Authors: Mooder, RB; McGreevy, JTG

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DOI https://doi.org/10.36487/ACG_repo/2215_04

Cite As:
Mooder, RB & McGreevy, JTG 2022, 'Toward integrated mining landform design: recent tailings project examples from Canada', in AB Fourie, M Tibbett & G Boggs (eds), Mine Closure 2022: 15th International Conference on Mine Closure, Australian Centre for Geomechanics, Perth, pp. 101-112, https://doi.org/10.36487/ACG_repo/2215_04

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Abstract:
This paper explores the current state of integration between operational mining needs and post-closure legacy for mining landform design at operating mines. The exploration uncovers opportunities to efficiently integrate short-term and long-term considerations using tools already in common use, such as more rigorous closure planning and expanded landform design basis. Mining landforms include tailings storage facilities, stockpiles, waste rock dumps, open pits, drainage networks, and block cave craters. These landforms persist on the landscape long after mining ends. Mining landforms have historically been designed with a short-term operational focus to meet immediate mining needs. Reclamation and closure have historically been considered near the end of the operational life of the landform. Site-wide closure plans may lack the detail and rigour required to meaningfully contribute to operational landform designs, while site-specific experience gained during operations can inform better performing landform designs. Recent project experience in Canada with operational landform design across a variety of mining projects has revealed a spectrum of current practice. Closure plans at some mines exist primarily to meet regulatory submission requirements, while at others closure plans are more closely integrated with operational mine planning. The landform design process requires clearly stated performance objectives and design criteria to succeed. Short-term operational needs are typically well defined. Long-term post-closure needs may or may not be clearly defined in closure plans. Mine operators can maintain operational performance while improving long-term outcomes by more closely linking closure planning, mine planning, and landform design. This paper presents recent tailings storage area landform design project examples from different operating mines in Canada, with some key lessons learned and suggestions for more integrated mining landform design.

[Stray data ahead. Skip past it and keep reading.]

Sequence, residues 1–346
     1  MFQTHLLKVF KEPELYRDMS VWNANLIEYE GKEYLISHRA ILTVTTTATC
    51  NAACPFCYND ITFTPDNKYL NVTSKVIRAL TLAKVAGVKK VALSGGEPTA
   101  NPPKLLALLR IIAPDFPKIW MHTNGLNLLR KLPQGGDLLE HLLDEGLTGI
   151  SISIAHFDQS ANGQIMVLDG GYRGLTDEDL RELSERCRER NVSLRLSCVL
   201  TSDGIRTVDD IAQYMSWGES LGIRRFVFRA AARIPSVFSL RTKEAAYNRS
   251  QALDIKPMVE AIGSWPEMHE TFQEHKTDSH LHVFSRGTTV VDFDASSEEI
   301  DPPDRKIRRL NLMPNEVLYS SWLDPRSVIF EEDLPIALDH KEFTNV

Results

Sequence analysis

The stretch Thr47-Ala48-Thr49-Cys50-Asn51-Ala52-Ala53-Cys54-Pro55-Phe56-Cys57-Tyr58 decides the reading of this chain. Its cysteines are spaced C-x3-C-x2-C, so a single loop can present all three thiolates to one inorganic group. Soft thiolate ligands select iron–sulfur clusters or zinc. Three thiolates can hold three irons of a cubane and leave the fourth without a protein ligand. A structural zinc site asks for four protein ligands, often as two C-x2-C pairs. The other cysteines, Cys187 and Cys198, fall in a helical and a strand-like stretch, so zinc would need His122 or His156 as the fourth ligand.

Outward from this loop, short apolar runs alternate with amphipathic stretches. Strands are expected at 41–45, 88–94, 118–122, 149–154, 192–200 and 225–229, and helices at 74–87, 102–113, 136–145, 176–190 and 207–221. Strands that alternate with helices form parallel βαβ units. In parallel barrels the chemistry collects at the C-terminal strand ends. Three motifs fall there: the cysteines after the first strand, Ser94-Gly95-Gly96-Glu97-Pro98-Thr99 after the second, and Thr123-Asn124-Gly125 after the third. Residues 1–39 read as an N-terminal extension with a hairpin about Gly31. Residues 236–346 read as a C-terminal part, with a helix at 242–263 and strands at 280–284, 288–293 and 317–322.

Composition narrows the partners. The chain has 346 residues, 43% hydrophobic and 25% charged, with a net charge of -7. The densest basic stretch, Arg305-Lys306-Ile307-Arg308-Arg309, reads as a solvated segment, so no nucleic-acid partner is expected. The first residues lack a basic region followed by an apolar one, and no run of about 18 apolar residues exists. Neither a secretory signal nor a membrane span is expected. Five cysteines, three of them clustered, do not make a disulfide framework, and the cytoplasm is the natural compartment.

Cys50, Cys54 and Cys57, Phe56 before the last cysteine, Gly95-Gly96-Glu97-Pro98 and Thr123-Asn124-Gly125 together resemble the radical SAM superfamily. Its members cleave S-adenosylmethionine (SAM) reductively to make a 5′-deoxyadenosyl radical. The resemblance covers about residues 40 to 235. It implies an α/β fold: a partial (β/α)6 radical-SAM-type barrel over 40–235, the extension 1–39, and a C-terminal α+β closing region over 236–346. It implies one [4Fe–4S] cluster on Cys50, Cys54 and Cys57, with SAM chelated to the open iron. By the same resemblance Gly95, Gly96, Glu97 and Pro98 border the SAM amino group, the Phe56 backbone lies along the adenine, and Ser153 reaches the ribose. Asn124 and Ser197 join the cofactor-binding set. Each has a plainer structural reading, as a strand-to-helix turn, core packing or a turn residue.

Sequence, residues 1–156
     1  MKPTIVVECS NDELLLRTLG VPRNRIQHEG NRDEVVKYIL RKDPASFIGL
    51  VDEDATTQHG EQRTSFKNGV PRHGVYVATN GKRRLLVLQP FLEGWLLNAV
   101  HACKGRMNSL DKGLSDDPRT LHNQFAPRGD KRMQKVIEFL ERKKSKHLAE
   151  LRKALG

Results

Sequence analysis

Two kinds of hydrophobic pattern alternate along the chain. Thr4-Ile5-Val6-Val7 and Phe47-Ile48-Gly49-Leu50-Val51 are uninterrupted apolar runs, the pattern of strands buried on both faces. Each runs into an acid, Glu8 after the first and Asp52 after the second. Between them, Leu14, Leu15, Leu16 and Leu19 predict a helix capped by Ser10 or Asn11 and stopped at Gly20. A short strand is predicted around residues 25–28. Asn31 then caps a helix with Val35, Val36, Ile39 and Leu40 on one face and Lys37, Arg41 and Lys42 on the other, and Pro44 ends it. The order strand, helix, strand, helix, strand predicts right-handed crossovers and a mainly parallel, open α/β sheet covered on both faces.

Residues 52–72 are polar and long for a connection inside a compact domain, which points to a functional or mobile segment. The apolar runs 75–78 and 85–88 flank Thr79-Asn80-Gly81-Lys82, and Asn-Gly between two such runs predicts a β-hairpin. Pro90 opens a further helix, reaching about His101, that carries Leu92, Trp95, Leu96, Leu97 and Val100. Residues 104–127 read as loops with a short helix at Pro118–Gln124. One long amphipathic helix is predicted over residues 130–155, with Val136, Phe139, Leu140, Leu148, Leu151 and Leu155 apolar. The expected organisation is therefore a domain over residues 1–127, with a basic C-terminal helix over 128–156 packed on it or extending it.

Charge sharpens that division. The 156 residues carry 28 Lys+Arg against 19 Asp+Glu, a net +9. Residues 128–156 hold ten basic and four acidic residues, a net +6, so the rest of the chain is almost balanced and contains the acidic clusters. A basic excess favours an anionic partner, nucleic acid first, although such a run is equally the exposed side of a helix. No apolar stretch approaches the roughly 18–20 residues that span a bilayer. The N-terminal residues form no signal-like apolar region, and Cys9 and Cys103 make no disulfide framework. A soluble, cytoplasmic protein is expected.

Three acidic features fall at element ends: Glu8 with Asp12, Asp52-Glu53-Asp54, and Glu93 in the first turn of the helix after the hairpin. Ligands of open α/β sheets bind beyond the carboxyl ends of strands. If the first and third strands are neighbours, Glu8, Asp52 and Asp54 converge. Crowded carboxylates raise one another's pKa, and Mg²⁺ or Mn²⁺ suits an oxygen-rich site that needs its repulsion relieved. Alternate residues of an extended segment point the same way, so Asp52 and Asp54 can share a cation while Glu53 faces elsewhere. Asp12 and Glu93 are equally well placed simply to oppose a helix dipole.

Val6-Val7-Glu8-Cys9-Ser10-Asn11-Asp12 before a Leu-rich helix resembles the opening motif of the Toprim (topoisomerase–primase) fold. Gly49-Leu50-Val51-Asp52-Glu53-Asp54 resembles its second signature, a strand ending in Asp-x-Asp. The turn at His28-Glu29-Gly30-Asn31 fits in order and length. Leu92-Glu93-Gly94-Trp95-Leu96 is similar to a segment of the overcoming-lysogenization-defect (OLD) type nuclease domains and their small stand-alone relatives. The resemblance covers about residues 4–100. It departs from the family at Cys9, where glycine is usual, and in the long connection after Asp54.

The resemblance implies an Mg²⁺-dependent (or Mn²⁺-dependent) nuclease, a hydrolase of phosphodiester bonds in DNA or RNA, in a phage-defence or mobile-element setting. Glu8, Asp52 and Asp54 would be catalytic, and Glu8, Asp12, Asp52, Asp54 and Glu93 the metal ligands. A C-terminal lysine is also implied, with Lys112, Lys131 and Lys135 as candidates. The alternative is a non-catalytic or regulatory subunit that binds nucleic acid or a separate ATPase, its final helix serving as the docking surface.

Keywords: closure, planning, integrated design, landforms, landform design, TSF design

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